Through a cloud of smoke: Navigating a new trend in tobacco usage in hookahs

While there are other names, I will use the term "hookahs" because it seems to be the most recognized in the United States. Most commonly a glass-based, single- or multi-stemmed apparatus for smoking a variety of fruity- and sweet-flavored tobaccos, hookahs have a water base to cool the tobacco smoke.

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By Wendi K. Sparks, RDH, BS

As a dental hygienist for 20 years and as a clinical instructor in a local community college's dental hygiene program, I regard myself as an oral health and prevention advocate. While researching ways to incorporate a tobacco cessation protocol into my private practice, I uncovered surprising information about the newest threats and trends in tobacco products.

As I questioned my dental hygiene peers about their knowledge of these new fads, many (as I was) were completely unaware of the tobacco products on the market and available on the Internet that are not approved by the Food and Drug Administration (FDA). Times are changing fast, and the tobacco industry is aggressive in its approach to entice young people to get hooked on its products. They are cleverly disguising tobacco in different packaging and flavoring delivery systems, including electronic and vapor devices.

"Hookah" is one of the many names around the world to describe a tobacco pipe that uses water as a filter. While there are other names, I will use the term "hookah" because it seems to be the most recognized in the United States. Most commonly a glass-based, single- or multi-stemmed apparatus for smoking a variety of fruity- and sweet-flavored tobaccos, a hookah has a water base to cool the tobacco smoke. A hookah also has a small clay bowl in which the tobacco is heated by burning charcoal. When the smoker inhales through the hose, the smoke passes from the heated tobacco into the water. It makes a bubbly sound, and goes through the hose into the smoker's mouth and lungs.

Like electronic vapor devices, hookahs are not FDA-regulated. There are also many myths surrounding hookah use; therefore, more adolescents are experimenting with these new products that offer zero odor, pleasant flavorings, and a social outlet. This trend has been around for centuries and has emerged into Europe and the United States. Today, hookah lounges and personal hookah apparatuses are gaining popularity among U.S. teenagers and college students.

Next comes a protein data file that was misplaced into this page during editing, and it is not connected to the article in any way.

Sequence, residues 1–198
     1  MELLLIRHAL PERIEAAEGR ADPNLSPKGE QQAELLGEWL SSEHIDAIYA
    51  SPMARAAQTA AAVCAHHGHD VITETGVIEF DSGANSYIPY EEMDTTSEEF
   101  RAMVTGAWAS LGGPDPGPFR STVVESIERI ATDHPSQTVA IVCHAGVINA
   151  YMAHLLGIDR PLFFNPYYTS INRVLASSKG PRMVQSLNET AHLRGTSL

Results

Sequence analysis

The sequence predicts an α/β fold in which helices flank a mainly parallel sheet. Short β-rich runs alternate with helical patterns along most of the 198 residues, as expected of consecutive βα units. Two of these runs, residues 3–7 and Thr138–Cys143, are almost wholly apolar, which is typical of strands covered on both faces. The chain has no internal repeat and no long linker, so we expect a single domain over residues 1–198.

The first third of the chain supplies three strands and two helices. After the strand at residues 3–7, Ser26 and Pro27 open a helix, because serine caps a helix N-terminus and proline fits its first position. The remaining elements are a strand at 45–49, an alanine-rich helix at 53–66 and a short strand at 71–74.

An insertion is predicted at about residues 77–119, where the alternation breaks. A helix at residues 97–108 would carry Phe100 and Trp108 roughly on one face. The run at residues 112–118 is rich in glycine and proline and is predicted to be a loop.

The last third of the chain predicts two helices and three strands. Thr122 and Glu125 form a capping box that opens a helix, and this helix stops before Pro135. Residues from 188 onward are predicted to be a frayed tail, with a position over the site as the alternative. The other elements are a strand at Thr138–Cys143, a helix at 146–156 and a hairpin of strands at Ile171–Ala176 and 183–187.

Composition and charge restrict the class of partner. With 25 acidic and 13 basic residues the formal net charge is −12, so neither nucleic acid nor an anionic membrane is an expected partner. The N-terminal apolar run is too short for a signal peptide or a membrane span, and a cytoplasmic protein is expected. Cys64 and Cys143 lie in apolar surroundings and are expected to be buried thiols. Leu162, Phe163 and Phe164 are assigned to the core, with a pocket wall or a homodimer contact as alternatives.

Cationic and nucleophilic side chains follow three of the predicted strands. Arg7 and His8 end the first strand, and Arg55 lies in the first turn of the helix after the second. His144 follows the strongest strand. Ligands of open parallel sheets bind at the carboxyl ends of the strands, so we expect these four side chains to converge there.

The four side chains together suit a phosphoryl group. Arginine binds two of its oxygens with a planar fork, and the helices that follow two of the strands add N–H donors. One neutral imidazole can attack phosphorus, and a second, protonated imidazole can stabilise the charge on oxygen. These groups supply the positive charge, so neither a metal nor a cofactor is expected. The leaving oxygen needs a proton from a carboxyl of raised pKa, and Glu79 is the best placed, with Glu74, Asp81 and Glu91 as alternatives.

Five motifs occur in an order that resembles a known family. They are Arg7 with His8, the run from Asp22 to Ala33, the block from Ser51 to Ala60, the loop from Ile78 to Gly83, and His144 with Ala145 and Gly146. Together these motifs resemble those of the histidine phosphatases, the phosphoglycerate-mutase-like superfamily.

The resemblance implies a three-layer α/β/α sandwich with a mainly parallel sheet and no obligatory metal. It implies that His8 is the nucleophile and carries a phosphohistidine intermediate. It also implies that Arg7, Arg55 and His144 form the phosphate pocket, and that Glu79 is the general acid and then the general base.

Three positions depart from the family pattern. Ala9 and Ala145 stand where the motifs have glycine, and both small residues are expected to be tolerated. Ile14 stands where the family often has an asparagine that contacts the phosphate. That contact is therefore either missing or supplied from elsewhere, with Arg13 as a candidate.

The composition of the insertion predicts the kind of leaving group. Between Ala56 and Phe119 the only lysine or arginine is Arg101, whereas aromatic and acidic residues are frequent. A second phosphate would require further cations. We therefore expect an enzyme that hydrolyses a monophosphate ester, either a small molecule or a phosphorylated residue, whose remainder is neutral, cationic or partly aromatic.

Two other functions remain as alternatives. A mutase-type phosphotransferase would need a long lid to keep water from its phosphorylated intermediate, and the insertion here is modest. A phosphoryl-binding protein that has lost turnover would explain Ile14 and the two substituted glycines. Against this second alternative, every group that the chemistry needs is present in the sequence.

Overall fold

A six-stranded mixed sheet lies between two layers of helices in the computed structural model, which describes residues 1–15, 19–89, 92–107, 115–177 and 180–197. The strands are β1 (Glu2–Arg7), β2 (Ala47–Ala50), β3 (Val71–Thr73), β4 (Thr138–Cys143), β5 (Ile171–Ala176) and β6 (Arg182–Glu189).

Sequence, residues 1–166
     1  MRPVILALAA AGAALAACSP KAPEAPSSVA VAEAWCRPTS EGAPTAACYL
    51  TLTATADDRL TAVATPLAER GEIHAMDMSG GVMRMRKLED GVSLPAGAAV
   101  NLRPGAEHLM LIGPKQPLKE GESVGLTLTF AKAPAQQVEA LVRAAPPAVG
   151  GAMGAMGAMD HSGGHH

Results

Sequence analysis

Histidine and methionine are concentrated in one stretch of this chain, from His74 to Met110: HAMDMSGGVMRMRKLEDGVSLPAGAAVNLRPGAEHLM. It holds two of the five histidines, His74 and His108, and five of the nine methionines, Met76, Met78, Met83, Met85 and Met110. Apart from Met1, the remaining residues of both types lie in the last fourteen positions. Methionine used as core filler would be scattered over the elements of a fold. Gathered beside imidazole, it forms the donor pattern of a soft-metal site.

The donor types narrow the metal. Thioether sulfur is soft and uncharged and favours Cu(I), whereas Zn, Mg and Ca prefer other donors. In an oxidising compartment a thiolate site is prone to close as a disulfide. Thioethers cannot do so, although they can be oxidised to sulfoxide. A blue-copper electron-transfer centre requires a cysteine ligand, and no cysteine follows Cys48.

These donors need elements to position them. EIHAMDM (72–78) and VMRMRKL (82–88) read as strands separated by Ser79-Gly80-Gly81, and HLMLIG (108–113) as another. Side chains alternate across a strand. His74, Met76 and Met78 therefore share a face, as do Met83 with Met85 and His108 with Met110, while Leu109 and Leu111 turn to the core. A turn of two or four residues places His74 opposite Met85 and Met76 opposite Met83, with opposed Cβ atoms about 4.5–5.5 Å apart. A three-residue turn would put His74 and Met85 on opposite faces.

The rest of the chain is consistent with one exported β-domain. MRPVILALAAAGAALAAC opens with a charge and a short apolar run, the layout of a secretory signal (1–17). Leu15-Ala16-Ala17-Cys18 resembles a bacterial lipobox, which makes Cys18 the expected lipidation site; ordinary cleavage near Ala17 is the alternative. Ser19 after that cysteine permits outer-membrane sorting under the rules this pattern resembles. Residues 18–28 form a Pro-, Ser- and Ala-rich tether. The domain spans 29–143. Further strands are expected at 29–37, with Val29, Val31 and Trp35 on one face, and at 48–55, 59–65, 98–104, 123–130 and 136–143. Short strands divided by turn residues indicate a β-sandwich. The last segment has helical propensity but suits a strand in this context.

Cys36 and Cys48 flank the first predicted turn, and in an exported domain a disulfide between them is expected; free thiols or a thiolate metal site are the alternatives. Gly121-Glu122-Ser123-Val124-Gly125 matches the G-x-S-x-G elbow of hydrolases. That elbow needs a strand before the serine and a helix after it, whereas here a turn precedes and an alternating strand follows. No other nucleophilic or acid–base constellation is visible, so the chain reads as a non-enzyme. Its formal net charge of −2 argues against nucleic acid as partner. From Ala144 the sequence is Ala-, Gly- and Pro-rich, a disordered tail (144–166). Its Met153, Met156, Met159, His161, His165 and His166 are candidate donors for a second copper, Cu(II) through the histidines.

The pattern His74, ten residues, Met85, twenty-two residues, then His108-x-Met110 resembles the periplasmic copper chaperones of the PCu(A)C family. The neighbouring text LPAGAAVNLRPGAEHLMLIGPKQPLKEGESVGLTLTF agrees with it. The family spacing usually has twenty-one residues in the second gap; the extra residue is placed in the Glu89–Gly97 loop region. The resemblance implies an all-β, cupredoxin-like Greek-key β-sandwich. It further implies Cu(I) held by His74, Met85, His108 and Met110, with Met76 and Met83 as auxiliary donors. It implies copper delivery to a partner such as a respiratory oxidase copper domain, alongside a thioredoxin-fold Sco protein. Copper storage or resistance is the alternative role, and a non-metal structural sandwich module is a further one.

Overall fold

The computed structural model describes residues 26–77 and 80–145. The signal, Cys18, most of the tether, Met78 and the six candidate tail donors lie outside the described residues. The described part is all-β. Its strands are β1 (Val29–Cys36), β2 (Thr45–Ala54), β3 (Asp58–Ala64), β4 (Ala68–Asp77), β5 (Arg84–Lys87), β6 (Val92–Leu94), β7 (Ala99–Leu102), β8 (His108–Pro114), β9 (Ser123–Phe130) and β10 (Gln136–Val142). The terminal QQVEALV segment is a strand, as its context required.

Hookahs and teens

As hygienists, we often educate elementary-aged children during National Children's Dental Health Month. We usually arrive armed with an animated cartoon movie, some brushing and flossing demonstrations, discuss healthy nutrition habits, and incorporate fun activities. However, I set out to conquer a different territory: the adolescent teen and hookah smoking. I wanted to investigate whether they believed the myths about smoking from hookahs.

I gained permission to present a short educational session about hookah usage to a high school in my community. The purpose was to evaluate whether discussing these myths and facts about hookah usage would change their positions on smoking from hookahs in the future. On the day of my presentation, I was surprised to learn that 50% of the students responded that they had previously smoked tobacco through hookahs. Here's what else I learned:

• More than half of the students stated that they believed that smoking tobacco through a hookah was safer than smoking cigarettes.

• More than half of the students stated that they believed smoking tobacco through a hookah was not as addictive as smoking cigarettes.

• Only 43% of the students believed that smoking tobacco through a hookah could contribute to the spread of diseases.

• Fortunately, 85% of the students assumed that whether they smoked cigarettes or hookahs, it could affect their teeth and gums.

Before the presentation, I was unsure about whether I would make an impact on the teenagers. But the results of this short presentation were impressive. After my presentation and discussion, 90% of the students responded that they were more knowledgeable about the risks of smoking hookahs and, more importantly, that they would be more confident in saying "no" to hookah usage in the future.

Oral health promoters

Dental professionals can and should take the lead in educating our youth and encouraging tobacco abstinence in school settings and/or from the dental chair.